Plain City has never lacked for groups and clubs of all descriptions. We have or have had Masons, Lions, Odd Fellows, Knights of Pythias, the Grange, the Woman’s Club, the Research Club, the Twice Five Club, the Fish and Game Club, Girl Scouts, Boy Scouts and 4-H clubs, to name only a few. In 1848 Plain City was even the birthplace of a group called the Rectifiers. According to Beers’ 1883 History of Madison County, “this was a secret society” which “had for its object the universal elevation of the morals of humanity, as well as refined literary attainments. They also encouraged the acquisition of knowledge relating to Mound-Builders. This society only existed for about 10 years.” Perhaps they discovered that the Mound-Builders were lacking in “refined literary attainments.”
For women in Plain City in the 1930s, there was the Woman’s Club and the Research Club, but there was no book club. In 1937 Mildred Byler Allgyer, a newcomer to town, set out to change that. On March 10, 1938, she was hostess for the first meeting of the Book Club, which was attended by nine women. By Nov. 30 of that year, Allgyer and Kitty Chapman Woodruff formally organized the club with a constitution and bylaws. With some revisions, these have governed the Book Club ever since.
From the beginning, meetings have been held on the second Wednesday of the month at 8 p.m. Originally the club met year-round. In recent years the schedule has been September through May with a break in January. After a brief business meeting, the program consists of a short review (in the beginning it was either poetry or music) followed by a long review. The roll call at the start of the meeting has always been the answer to a question: “What is your favorite month?” “If you could entertain at the White House, who would you have performed, and what would be the décor?” “What is your best house cleaning tip?” “Share a childhood photo or memory.” “What school did you attend and how many were in your graduating class?”
Special Book Club activities have included picnics, potlucks and wiener roasts, a style show, one-act plays, and guest nights. According to Donna Dunmire’s 50th year history, Steckie Cary played cello solos, while Hazel Fravel and Laura Jones offered vocal duets. Sisters Helen and “Bibby” Barto made the program books for many years. Santa Claus made regular December visits in the 1950s. It is even noted that in 1971 Hilda Robinson, over her husband George’s opposition, wore the latest fashion — a pantsuit — to give her book review.
But unquestionably the greatest contribution that the Book Club has made to Plain City is its work in the founding of the Plain City Public Library. The State Library of Ohio had contacted John Steinhauer, superintendent of the Plain City Schools, in the early 1940s concerning the possibility of establishing a public library in Plain City. The Marysville Public Library would furnish the books and assist in the organization of the library, but a local group was needed to provide the location and volunteers for staff.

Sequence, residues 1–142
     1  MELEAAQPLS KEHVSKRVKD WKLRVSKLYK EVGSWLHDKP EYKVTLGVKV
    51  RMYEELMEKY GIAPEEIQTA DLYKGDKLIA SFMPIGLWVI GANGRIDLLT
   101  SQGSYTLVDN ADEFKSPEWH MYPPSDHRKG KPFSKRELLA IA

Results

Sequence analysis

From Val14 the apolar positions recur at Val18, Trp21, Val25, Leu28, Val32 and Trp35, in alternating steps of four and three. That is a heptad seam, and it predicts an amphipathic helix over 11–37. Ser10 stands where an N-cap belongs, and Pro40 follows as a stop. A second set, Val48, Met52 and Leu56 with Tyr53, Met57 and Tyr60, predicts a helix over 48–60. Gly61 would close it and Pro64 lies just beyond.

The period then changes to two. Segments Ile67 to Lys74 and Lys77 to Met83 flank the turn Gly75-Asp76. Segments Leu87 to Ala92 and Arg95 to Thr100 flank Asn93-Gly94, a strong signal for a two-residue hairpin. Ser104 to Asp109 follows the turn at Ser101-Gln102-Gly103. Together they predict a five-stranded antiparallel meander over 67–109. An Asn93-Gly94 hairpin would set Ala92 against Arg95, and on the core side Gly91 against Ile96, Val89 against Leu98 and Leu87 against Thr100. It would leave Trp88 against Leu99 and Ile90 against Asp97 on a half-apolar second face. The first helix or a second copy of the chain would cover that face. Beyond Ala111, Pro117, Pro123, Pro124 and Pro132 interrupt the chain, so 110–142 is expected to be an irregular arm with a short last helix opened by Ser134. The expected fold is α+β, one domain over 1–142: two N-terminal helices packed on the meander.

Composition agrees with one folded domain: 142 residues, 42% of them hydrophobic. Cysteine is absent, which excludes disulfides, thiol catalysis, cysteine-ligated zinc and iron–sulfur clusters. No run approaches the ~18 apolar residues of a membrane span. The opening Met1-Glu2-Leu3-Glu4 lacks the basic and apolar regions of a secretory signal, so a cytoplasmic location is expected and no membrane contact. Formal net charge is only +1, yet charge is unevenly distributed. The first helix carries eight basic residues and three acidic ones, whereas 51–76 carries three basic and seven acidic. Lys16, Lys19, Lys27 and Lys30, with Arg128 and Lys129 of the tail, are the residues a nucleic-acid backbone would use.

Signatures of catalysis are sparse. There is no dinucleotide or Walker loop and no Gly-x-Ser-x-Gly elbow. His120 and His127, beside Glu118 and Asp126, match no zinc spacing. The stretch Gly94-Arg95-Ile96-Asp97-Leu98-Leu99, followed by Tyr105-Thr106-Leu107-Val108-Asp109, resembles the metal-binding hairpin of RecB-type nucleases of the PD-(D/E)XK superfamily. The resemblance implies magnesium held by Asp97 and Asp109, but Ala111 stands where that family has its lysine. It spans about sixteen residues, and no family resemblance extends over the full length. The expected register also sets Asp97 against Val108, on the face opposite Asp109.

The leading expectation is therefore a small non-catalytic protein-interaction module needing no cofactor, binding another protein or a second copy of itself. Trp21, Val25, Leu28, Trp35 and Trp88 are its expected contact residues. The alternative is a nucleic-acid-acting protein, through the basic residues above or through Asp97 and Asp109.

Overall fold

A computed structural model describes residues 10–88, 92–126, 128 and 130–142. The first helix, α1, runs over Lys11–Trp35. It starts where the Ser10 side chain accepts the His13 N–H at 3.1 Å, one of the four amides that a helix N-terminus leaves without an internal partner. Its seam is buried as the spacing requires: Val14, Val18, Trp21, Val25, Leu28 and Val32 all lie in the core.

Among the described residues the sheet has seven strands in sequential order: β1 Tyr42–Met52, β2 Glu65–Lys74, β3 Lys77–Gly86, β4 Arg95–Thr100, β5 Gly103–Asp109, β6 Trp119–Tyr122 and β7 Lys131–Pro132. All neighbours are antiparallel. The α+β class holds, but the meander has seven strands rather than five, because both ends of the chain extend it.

Mr. Steinhauer contacted Marjorie George, then president of the Book Club. She presented the proposal to the club, which voted to sponsor the library. A library committee consisting of Mrs. George, Mildred Allgyer, Mrs. John Steinhauer, Mrs. P.T. Haynes, Mrs. Gilbert Kirby and Miss Elizabeth Barto was appointed. They found a space for the library in the small rooms on the east side of Ben Jones’ drug store on the square. Book Club members cleaned the rooms and made shelves, and on Feb. 26, 1944, the library opened. Its hours were 3-5 p.m. on Tuesdays and 3-5 p.m. and 7-9 p.m. on Saturdays.
Book Club members served as librarians until April 1, 1945. Marjorie George was librarian from 1945 to June 1, 1946. . From 1946 on Miss Jane Taylor served as librarian for over 30 years, and is fondly remembered by generations of eager readers. Although the library began as a branch of the Marysville Library, it soon became a school district library. (Its primary service and taxation area was the Plain City, and later the Jonathan Alder school district). In 1962, the library moved to the east side of the Rialto Building at 245 W. Main St., and in 1981 to its own building at 305 W. Main.
The Plain City Book Club continues to thrive, with a different topic chosen by the club president for each year. The fun and fellowship have not changed over the years, and current members would agree with founder Mildred Allgyer’s comment: “Book Club is the highlight of any month.”
Rosemary Anderson is the vice president of the Plain City Historical Society.
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